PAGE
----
A priest serves in Church; he is not a priest because he receives an ecclesiastical education, or has a calling to serve the Church. All this only prepares him for pastoral service. He is a priest only because he was consecrated to it by ordination, and enters through the mystery of priesthood into the pastorship of the Church. So it is that our church is a consecrated church, with a specially consecrated holy table. According to the words of the Holy Scripture, our church is a house of prayer. The Lord gave us an example of the honor due to God’s house when, during His earthly sojourn, He twice cleansed it from all disorder and indecency. At the Divine Services, we repeatedly hear the Holy Church exclaim the petition, “For this holy house and for all those who with faith, reverence and fear of God enter herein, let us pray to the Lord.” Each of us must enter a church in this disposition, remembering that here, one stands before the face of the Lord Himself.

One of the greatest and most painfully evident deficiencies of our contemporary life is our inability to celebrate our feast in a Christian manner. Our lives are composed in such a way that interests of a purely earthly character predominate in them. Jobs, worry over income and shallow impressions of the day –all this fills our time, and man does not have time to simply think about his soul, its demands and needs. Our feasts are apertures in our colorless lives of vanity and worldly cares. They teach us that this world is not so empty and impoverished as it sometimes seems to us, for above it, there is a different world giving our soul joy and ineffable peace. Who does not know what joy fills the heart of an Orthodox Christian in the days of the greatest feast, Pascha, the Radiant Resurrection of the Lord?

How often, though, do days of Christian commemoration and festivity turn out to be days of even greater emptiness and senseless idleness. A feast is a special day of God and must be dedicated as fully as possible to prayer and deeds of Christian mercy. In our time though, the feasts are often treated as any other day, and sometimes people even use them for debauchery and drunkenness. How often do we see that people, or even whole clubs (societies) and institutions organize their “balls” and entertainments on the eves of feasts? How do such persons differ from pagans or atheists?

Yet more reprehensible is the way many people view the fasts which the Holy Church has given us. We have many fasts: four lengthy ones, the Great Fast, the Sts. Peter and Paul fast, and the Dormition and Nativity fasts; and also shorter ones.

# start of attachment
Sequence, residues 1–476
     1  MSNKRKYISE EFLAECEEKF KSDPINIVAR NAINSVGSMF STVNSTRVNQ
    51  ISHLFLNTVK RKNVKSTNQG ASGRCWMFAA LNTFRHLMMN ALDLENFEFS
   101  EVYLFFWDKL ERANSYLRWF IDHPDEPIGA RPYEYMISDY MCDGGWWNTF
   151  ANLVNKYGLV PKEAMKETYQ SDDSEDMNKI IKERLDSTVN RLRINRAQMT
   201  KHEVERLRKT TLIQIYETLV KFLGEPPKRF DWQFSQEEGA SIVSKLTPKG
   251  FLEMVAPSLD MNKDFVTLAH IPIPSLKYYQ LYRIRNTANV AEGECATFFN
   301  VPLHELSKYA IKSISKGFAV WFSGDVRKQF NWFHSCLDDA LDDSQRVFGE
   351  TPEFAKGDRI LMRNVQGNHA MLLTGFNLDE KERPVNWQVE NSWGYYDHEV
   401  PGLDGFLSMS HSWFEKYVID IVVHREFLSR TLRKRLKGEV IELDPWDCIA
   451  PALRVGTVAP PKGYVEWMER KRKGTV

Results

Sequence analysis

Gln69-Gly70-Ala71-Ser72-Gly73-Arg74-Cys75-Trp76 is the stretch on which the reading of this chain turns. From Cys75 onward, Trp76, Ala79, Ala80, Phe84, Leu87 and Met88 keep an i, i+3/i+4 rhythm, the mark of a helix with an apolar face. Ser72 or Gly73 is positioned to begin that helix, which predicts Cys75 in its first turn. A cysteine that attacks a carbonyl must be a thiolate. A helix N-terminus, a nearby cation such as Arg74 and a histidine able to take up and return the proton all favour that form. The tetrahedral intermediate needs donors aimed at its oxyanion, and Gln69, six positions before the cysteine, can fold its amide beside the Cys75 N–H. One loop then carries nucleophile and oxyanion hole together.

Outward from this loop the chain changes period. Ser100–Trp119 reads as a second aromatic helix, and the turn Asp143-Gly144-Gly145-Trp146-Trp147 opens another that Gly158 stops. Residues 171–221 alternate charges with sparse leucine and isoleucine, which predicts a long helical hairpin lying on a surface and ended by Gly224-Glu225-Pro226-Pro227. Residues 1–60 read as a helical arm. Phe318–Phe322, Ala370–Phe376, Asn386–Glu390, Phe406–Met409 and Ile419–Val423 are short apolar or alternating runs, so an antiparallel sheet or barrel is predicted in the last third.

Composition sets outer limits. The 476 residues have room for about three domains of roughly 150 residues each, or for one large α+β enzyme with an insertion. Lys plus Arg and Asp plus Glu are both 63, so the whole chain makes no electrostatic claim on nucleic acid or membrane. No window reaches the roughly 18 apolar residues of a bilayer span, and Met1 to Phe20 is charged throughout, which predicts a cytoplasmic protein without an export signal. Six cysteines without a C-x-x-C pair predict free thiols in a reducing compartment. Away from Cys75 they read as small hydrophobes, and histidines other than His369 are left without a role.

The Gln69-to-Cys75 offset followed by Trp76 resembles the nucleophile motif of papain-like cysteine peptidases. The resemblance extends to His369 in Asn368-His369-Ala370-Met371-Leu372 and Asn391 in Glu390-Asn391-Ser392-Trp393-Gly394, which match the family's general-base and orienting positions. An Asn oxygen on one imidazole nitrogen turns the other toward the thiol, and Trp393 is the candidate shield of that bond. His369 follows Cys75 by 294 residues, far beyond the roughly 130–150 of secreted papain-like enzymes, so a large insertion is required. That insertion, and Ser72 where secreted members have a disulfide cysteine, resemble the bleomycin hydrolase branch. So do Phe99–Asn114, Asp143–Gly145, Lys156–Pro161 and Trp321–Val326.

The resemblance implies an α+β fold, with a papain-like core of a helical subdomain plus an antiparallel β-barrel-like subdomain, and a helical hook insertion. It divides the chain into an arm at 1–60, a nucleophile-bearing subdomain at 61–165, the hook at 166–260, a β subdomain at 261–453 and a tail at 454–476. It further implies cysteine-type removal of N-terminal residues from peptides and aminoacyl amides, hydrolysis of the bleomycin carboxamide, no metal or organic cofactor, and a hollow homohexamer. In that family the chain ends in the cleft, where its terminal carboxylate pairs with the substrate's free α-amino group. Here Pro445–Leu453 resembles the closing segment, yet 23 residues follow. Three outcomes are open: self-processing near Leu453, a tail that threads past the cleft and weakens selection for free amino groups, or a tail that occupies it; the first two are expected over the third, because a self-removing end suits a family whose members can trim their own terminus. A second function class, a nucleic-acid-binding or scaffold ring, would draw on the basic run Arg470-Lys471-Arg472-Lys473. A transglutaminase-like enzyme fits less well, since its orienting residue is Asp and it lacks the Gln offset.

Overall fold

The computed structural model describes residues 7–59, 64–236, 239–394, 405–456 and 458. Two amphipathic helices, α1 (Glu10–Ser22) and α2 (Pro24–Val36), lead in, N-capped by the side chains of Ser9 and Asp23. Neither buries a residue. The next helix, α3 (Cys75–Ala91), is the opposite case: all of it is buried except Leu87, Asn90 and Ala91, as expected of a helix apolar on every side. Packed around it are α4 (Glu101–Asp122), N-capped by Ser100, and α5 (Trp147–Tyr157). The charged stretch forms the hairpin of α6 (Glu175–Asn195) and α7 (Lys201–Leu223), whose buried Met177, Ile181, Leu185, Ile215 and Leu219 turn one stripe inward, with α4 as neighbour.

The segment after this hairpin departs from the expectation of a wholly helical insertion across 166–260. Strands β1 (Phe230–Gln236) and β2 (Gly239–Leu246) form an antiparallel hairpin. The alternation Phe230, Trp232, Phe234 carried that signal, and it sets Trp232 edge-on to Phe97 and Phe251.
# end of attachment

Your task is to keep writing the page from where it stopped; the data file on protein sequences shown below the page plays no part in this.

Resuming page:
What an amazing and unchristian relationship so many people now have to these fasts. The fasts are violated by people without a qualm of conscience, as if the matter was about some nonsense, having no significance. The Church, on the other hand, takes a very serious view of the matter, and excludes from Holy Communion those who refuse to keep the fasts without cause. And St. Seraphim of Sarov pointedly said, “One who does not observe the fasts is not a Christian, no matter what he considers or calls himself...” Fasting is absolutely indispensable for man. From the external aspect, it is a struggle of absolute, filial obedience to the Church, whose rules are from the Holy Spirit, and not something to be neglected and scorned. From the inner aspect, fasting is a struggle of restraint and self-limitation. In this lies the great value and sense of fasting, since a strict observance of fasts tempers one’s will and perfects the character of one who is firm in his religious convictions and actions. Let us not forget that Christ Himself fasted, and foretold that His apostles would also fast.

We hear people claiming that fasting is harmful to health. But strict fasting is not demanded of ill people, who fast only according to their strength. Most important, one should remember that only those people who themselves do not fast, speak about the “harm to health” of fasting. But those who do observe fasting will never say this, for they know, through personal experience, that not only is fasting not harmful, but it is positively beneficial to bodily health.

Fasting is not merely a restraining from food, however. During the days of the fasts, the Church sings, “While fasting bodily, let us also fast spiritually. . .” True fasting includes deeds of Christian mercy. It is an alienation of the evil one, a restraint of the tongue, a laying aside of anger, a cutting off of vices and an exposure of falsehood... Thus, for a Christian, fasting is a time of restraint and self-education in all respects, and a real Christian fast gives believers a great moral satisfaction. Bishop Theophan the Recluse says of fasting:

“Fasting appears gloomy until one steps into its arena: but begin, and you will see what light it brings after darkness, what freedom after bonds, what release after a burdensome life...”


Answer the following questions.

1. How are we to pray?

2. What must we strive for when we pray?

3. What should we do in addition to the reading of Church prayers?

4. When can one participate in public prayer?

5. What does Church prayer have?

6. What is one of our greatest and most painfully evident deficiencies?

7. What is a feast?

8. Name the fasts of the Church.

9. How are fasts kept?

10. How important is fasting?

11. What is fasting?

Summarize what knowledge you have gained from this chapter.